178 SPECIAL ISSUES CONCERNING LITERACY 1. New literacies include the new skills, strategies, dispositions, and social practices that are reqUired by new technologies for information and com munication. 2. New literacies are central to full participation in a global community. 3. New literacies regularly change as their defining technologies change. 4. New literacies are multifaceted, and our understanding of them benefits from multiple points of view.Although these are the common assumptions of a broad definition of new literacies, considerable work is taking place in many specific areas, each with its ownadditional assumptions, unique to separate areas of inquiry. This suggests that,from a theoretical viewpoint, we need to be precise about the specific form of newliteracies to which we refer. We use a new literacies theory of online reading comprehension (Castek etaI., 2008; Coiro, 2003; Henry, 2006; Leu, Kinzer, et aI., 2004; Leu, Zawilinski, etaI., 2007) in this chapter to explore the changes in reading comprehension thattake place as our reading world migrates from offline texts to the Internet. Thisperspective frames online reading comprehension as a process of problem-basedinquiry involving the new skills, strategies, dispositions, and social practices thattake place as we read on the Internet. What differs from earlier models of traditional print comprehension is thatthe new literacies of online reading comprehension are defined around both aproblem and a process of self-directed text construction (Coiro &. Dobler, 2007).This self-directed text construction process occurs when readers navigate throughan infinite information space to construct their own texts online as they readto solve problems. During this process, both new and traditional reading comprehension skills are required. This overlap between online and offline readingenriches, but also complicates, our understanding of reading comprehension inthe 21st century. Within this perspective, Leu, Kinzer, and colleagues (2004) define the new literacies of online reading comprehension around five processing practices in whichwe engage while reading on the Internet: (1) identifying important questions, (2)locating information, (3) critically evaluating information, (4) synthesizing information, and (5) communicating information. Within these five areas reside theskills, strategies, and dispositions that are distinctive to online reading comprehension, as well as other factors that are important for offline reading comprehension. Online readers construct meaning in two different but intersecting ways. First,online readers construct mental models of meaning as they process the information they encounter. This is similar to what they do when reading offline (Bransford, Brown, &. Cocking, 2000; RAND Reading Study Group, 2002). In addition,however, online readers also phYSically construct the texts they read according tothe choices they make as they follow different links online to solve an informationproblem. We refer to these as "intertexts." Online readers dynamically constructthe intertexts that they read as they move from site to site, whereas offline read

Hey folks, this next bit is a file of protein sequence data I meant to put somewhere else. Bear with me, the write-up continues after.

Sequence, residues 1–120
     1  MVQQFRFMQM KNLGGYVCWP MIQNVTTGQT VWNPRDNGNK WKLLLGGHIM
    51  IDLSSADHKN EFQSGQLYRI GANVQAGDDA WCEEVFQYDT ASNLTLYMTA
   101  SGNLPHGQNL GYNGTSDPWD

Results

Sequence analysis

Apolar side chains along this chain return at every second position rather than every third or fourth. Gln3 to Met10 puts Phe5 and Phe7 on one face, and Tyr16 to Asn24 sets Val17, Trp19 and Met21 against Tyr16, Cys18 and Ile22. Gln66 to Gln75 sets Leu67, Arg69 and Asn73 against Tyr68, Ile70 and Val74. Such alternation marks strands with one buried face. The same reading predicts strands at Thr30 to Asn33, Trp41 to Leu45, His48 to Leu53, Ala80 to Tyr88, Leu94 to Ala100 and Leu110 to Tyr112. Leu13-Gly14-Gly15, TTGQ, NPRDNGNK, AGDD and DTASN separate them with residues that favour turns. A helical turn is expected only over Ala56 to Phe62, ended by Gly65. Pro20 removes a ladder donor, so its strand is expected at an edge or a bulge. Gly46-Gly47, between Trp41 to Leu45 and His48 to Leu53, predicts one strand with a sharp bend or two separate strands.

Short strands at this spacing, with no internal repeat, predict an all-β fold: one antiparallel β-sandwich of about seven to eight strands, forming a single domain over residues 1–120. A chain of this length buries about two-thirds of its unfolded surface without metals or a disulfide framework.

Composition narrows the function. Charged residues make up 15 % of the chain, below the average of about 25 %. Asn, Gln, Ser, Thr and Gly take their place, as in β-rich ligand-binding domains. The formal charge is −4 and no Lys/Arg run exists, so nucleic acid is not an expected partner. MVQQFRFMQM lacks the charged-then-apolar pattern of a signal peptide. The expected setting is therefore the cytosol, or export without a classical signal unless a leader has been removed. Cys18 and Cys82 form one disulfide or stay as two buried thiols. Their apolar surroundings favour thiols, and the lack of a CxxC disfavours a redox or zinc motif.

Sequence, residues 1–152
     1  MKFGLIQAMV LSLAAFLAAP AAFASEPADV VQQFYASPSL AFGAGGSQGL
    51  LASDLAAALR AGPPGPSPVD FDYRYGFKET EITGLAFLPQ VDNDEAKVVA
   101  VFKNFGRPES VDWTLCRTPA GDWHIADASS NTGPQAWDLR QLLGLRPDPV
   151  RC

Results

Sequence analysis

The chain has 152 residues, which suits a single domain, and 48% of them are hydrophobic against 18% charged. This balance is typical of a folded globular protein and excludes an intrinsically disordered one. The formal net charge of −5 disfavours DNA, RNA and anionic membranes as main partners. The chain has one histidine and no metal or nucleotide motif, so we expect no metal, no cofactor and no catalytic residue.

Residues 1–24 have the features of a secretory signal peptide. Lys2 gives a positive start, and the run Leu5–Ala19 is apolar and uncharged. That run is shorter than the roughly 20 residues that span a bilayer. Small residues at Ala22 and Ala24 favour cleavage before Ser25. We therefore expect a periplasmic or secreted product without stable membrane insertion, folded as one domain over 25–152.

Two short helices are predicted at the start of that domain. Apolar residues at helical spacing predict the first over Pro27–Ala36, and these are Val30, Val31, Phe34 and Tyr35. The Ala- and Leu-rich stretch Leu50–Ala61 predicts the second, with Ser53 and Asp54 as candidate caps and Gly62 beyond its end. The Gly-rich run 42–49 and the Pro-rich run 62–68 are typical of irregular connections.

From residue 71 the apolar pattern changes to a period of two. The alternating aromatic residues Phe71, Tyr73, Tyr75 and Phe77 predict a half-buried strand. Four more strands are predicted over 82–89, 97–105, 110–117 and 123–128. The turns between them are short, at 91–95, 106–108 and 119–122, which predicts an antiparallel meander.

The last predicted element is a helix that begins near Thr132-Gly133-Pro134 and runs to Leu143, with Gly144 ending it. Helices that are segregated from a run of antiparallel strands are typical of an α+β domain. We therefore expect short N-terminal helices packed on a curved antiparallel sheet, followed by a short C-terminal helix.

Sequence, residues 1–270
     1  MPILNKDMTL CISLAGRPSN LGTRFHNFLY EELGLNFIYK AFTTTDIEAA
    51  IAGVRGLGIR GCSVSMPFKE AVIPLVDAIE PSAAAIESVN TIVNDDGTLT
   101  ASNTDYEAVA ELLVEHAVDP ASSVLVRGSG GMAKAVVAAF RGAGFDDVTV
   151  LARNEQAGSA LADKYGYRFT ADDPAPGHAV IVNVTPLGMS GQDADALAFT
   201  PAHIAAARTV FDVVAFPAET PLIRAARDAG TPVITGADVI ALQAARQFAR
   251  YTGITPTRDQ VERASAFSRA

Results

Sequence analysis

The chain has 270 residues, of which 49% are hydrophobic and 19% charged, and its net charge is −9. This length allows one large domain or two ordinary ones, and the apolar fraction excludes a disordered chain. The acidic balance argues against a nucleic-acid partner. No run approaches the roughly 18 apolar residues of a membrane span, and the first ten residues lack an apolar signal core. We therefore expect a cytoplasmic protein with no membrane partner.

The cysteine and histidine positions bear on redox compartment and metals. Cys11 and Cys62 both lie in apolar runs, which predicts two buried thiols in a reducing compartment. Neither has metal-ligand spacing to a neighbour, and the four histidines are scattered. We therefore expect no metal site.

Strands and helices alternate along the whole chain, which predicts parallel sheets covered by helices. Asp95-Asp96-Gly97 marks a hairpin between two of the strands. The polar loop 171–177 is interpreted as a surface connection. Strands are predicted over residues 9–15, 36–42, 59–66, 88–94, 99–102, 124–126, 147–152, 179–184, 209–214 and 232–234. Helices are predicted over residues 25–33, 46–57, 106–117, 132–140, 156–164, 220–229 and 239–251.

New Literacies of Online Reading Comprehension 179ers typically read the texts that others have constructed for them. Thus, the construction of meaning during online reading comprehension becomes much morecOlnplex, because the construction of a mental model taking place in our mindsalso directs our choices about the intertext we construct. This multiple-layeredand transactional process of meaning construction, always driven by a questionor problem, appears to be an important source of the differences between onlineand offline reading. What, specifically, takes place during each of the processingelements of online reading comprehension?Identifying Important QuestionsReading comprehension on the Internet always begins with a problem. It maybe a relatively simple one, such as "What is the cheapest flight to California?" or"What would be a good recipe for dessert?" It may also be a complex one, such as"How can we end global conflict?" As a result, online reading comprehension maybest be understood as a problem-based learning task situated within the socialpractices, texts, and contexts that define reading on the Internet. Taboada andGuthrie (2006) show that reading initiated by a question or problem differs inimportant ways from reading that does not. This is an important, initial source ofthe differences between online and offline reading comprehension.Locating InformationBeginning with a problem, then using a complex and infinite informational spaceto solve it, means that reading skills reqUired to locate information become essential to online reading comprehension. New reading skills required to locate information are an important aspect of online reading cOlnprehension, and we includethese in our model. Some of these skills have been studied by scholars in information science or library and media studies (e.g., Bilal, 2000, Hsieh-Yee, 2001) andused by library media specialists. Initial work (Henry, 2006; Leu, Reinking, et aI., 2007) suggests that at leastfour general types of reading comprehension skills are associated with locatinginformation on the Internet: (1) knowing how to read and use a search engine; (2)reading search engine results; (3) reading a Web page to locate information thatmight be present on that page; and (4) making an inference about where information is located by selecting a link at one site to find information at another site.Often these intersect. Consider, for example, knowing how to read and to use a search engineto locate information. We frequently find students in economically challengedschool districts who never use a search engine. Instead, they use what we call a"dot com" strategy within the address bar of a browser, inserting "www + topic +.com" to locate information through the browser window (Leu, Reinking, et al.,2007). This may be very effective when locating information on a favorite pop star(e.g., www.britneyspears.coln) but it is usually ineffective for locating content-area